Hey! That’s mine!

A couple weeks ago, a quick hit blog piece I wrote included a note about what constitutes content sharing and what is stealing.  At the time I was referring to a few situations I had encountered where some small-time blog publishers were republishing someone else’s content with no attribution.  I really had no personal stake, other than a strong personal belief about right and wrong.  Then this morning  it became personal.

I noticed a link for a Mashable story about the use of social media in a crisis situation and was intrigued. I had just written a white paper on the same subject, so I wanted to see the take on it from one of my favorite social media blogs.  Imagine my surprise when I realized the middle section of the infographic they had published with the story was lifted verbatim from my paper. In the top corner of the infographic, there is a brief list of “sources” of information for the infographic.  One of them is Twitter (that’s helpful) and the one that I believe refers to my paper is where it says “igloo.”  Igloosoftware.com is one of the sites where my paper was originally published, but the word igloo sure won’t get people there…

Mashable didn’t create the infographic – the credit for that goes to a blog called “CreditLoan” (I am not going to link to them), which is an odd looking site and might actually be a content farm.  Mashable  republished it and linked to CreditLoan as the source of the infographic.  But, a scan and even search of their site does not turn this graphic up, so is there anywhere with additional context this is published?  I can’t seem to find it. So my work and others’ work is being shared with the world by Mashable with basically no attribution.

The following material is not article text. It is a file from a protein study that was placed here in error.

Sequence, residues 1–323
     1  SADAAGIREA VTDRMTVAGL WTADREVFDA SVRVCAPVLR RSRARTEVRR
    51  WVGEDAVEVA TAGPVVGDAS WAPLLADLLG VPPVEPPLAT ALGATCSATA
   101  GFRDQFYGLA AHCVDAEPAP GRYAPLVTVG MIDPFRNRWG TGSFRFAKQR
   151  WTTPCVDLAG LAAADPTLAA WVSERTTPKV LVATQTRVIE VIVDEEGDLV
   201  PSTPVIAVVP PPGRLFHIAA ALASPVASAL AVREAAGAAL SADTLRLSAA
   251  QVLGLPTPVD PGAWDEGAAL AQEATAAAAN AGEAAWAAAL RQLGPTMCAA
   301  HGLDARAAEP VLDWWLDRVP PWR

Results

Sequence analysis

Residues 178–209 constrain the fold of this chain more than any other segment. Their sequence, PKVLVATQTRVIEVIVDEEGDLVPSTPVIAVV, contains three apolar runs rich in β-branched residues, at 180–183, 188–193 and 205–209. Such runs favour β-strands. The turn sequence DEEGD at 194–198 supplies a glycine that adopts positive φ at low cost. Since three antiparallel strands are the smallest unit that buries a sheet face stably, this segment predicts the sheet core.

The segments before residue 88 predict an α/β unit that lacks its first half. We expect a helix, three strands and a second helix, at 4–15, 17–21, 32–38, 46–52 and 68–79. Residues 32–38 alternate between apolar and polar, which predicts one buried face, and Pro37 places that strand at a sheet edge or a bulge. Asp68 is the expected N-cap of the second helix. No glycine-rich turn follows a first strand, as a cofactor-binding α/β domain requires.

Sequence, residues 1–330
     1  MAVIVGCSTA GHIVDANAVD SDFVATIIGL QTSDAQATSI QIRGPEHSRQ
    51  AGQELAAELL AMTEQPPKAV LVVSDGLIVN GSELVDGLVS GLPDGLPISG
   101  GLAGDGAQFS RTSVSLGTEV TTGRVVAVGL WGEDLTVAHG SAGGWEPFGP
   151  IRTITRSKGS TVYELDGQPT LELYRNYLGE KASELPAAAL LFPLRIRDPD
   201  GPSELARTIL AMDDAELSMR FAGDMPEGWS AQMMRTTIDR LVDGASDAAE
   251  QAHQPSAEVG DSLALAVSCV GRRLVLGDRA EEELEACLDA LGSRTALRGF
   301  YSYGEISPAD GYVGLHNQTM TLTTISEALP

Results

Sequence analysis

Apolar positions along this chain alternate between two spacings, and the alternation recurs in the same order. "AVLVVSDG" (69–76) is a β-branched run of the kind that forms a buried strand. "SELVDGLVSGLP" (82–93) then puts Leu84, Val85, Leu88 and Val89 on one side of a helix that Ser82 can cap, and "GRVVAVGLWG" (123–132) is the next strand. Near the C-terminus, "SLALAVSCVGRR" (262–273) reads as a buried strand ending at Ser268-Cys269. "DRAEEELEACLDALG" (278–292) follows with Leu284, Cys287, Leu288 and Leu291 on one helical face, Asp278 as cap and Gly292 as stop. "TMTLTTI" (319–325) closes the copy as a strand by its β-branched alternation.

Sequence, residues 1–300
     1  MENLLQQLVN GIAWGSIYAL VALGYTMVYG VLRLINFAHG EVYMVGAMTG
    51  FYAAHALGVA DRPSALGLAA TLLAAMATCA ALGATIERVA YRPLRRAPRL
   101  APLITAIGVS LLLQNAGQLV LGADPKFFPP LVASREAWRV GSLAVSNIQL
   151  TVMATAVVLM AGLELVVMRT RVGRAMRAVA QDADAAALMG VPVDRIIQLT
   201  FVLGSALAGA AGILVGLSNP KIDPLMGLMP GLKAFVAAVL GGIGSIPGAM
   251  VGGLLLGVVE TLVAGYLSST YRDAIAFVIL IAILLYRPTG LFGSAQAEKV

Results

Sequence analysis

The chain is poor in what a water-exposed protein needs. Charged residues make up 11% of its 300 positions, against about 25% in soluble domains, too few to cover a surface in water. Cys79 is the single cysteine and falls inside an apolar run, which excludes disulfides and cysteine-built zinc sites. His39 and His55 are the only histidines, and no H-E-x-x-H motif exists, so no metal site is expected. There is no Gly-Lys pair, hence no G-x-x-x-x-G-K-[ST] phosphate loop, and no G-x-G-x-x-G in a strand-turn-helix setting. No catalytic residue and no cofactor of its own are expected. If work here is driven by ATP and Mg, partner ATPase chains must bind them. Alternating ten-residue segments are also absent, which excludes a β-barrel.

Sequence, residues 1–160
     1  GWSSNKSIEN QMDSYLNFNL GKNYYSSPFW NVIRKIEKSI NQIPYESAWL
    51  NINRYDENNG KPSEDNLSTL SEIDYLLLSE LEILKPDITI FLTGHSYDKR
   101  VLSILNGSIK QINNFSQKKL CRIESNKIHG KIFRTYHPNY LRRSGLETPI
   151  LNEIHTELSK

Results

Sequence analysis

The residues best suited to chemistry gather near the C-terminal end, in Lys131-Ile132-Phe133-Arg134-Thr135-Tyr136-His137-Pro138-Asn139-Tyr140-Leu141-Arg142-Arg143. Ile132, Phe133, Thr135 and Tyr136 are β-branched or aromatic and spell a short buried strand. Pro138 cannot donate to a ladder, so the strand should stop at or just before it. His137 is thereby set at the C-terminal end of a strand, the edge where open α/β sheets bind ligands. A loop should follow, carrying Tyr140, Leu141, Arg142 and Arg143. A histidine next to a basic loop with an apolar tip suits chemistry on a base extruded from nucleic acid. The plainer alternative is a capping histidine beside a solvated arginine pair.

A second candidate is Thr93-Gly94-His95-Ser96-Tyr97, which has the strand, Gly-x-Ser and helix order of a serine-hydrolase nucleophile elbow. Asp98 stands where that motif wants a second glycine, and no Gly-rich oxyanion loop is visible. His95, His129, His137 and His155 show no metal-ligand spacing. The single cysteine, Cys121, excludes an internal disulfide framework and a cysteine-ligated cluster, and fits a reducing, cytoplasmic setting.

The question becomes one of responsibility on the part of Mashable.  Since the content is clearly not on the the CreditLoan site, it is likely someone from that blog sent the graphic to Mashable.  If that is the case, does Mashable have the responsibility to ask CreditLoan to do a better job of crediting their info sources before publishing the graphic, or is it just fair game? For me, I would hope for the prior, but seemingly it is the latter.

Is this the price we have to pay with the social web?  It’s not so much a marketplace of ideas and work as it is a buffet that we are free to sample from as we like? I don’t want to come down on the side of the content police in this scenario either.  I am all for sharing info and getting it into people’s hands.  But for me, the perfect scenario includes people being able to dive deeper into the subject by having access to the source info as well.  Plus…  there’s a little bit of an ego thing too.

Ultimately, I am glad that my work has gotten wider exposure, but credit for it would be nice too.  Then I wouldn’t have to shout “Hey!  That’s mine!”